The Church of course has a duty to forgive and help the sinner reform. But when these strategies have proven to jeopardize the hard-earned money freely given by believers to the Church's treasury, the average working person will naturally wonder why standards of conduct required at the average workplace in order to build trust were not carried out by priests. I haven't seen this angle of the story given much attention in the mainstream or Catholic media, but it is one that comes up frequently in conversations I have with working or retired persons. Another way to put this is to say that for the Church to regain the trust of those whose dollars support her mission in the world, we need more than priests who merely stay out of trouble with minors (which is where the visible efforts seem to be concentrated). Priests and bishops and religious will demonstrate their own trustworthiness and their respect of the virtues of common laborers best by remembering these virtues required and imitating or even modeling them.

Priests and bishops are not in the business of winning and keeping 'customers', which is why I brought up the other analogy of the corporation. In either case, however, in a world that holds transparency in high esteem, as well as foresight to anticipate the needs and objections of others in order to provide for them (which is what an entrepreneur does), a rift builds up between the laity and clergy when the clergy seems not to understand these strong points of street-level American culture.

A final sad note on all of this: I don't quibble with the strictly legal justice involved in awarding millions of dollars to victims, but we must all be conscious of the fact that not only does money not heal the wounds of abuse, but this is a case where throwing money at the problem could even make healing more difficult by obscuring the interior and spiritual nature of the harm. How many stories are there about lives that are ruined by someone winning the lottery? A million dollars dropping into the lap of someone whose lifestyle is not accustomed to this sort of cash almost always spells trouble. How is it that we Americans believe that we are helping people with these huge settlements? Let me reiterate that I am not in any way questioning the legal correctness of the settlements, only observing that ultimately this issue transcends the legal aspect of our lives together. Will there be the opportunity to explore the areas beyond the legal and financial in order to bring about healing for victims? Let us pray and hope that this is the case.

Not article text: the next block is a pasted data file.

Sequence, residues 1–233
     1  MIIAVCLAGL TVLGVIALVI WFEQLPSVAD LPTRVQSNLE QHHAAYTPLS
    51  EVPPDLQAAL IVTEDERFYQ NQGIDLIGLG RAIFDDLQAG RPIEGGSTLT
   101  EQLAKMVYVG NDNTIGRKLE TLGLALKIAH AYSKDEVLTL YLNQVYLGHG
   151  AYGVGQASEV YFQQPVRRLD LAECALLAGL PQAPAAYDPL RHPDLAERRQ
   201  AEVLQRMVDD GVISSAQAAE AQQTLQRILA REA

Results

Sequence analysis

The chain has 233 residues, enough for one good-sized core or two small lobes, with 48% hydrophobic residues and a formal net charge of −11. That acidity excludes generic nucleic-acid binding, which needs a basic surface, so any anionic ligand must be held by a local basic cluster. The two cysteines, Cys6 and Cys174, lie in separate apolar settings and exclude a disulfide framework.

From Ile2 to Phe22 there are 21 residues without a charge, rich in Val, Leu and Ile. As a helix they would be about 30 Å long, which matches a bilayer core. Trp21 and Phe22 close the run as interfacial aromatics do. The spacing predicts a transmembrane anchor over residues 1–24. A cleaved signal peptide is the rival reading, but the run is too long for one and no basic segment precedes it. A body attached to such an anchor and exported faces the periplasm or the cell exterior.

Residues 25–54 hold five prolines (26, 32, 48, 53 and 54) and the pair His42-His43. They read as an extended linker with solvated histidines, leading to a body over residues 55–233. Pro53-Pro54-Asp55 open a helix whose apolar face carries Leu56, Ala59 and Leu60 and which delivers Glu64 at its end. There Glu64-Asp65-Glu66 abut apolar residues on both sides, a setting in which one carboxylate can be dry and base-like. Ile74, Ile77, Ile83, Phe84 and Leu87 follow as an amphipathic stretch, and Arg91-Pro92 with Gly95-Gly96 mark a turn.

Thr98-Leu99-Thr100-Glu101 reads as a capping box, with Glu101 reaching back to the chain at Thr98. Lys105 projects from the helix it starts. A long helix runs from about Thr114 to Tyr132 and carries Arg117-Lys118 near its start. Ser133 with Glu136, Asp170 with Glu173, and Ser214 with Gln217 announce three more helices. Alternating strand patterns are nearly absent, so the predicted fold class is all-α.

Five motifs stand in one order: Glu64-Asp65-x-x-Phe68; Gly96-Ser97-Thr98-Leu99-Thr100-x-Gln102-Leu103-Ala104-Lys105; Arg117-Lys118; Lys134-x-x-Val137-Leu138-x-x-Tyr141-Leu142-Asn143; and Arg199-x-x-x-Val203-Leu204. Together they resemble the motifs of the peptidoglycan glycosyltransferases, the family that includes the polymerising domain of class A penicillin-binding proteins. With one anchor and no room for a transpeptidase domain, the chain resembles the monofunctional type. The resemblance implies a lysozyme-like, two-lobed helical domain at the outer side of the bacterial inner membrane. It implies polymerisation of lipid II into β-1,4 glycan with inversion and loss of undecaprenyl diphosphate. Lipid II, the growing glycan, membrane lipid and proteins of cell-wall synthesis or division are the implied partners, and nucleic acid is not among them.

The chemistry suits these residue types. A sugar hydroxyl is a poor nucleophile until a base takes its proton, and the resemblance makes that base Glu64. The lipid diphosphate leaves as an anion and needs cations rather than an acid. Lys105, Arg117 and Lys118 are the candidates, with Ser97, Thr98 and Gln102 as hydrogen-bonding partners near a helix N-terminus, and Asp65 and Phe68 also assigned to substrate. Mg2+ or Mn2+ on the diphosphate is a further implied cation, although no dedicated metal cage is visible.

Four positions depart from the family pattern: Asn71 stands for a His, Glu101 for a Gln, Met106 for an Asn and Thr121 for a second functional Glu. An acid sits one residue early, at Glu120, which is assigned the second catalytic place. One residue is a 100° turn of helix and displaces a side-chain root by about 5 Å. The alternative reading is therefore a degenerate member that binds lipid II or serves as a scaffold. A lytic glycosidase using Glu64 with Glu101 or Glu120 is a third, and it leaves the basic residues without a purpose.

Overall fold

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This blog is published with ecclesiastical approval.

If I, who seem to be your right hand and am called Presbyter and seem to
preach the Word of God, If I do something against the discipline of the Church
and the Rule of the Gospel so that I become a scandal to you, The Church, then
may the whole Church, in unanimous resolve, cut me, its right hand, off, and
throw me away.

Origen of Alexandria